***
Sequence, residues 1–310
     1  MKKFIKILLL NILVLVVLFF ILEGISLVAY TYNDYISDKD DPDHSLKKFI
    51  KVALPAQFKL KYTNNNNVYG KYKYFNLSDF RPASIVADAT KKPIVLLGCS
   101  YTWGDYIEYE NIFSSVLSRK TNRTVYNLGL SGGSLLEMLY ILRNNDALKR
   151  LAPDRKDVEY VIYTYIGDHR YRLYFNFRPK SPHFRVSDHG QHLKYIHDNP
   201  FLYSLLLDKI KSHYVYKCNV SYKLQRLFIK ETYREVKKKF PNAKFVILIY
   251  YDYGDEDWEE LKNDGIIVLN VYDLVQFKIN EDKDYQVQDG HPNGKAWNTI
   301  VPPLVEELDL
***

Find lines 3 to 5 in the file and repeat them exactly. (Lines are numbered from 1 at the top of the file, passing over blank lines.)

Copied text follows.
    51  KVALPAQFKL KYTNNNNVYG KYKYFNLSDF RPASIVADAT KKPIVLLGCS
   101  YTWGDYIEYE NIFSSVLSRK TNRTVYNLGL SGGSLLEMLY ILRNNDALKR
   151  LAPDRKDVEY VIYTYIGDHR YRLYFNFRPK SPHFRVSDHG QHLKYIHDNP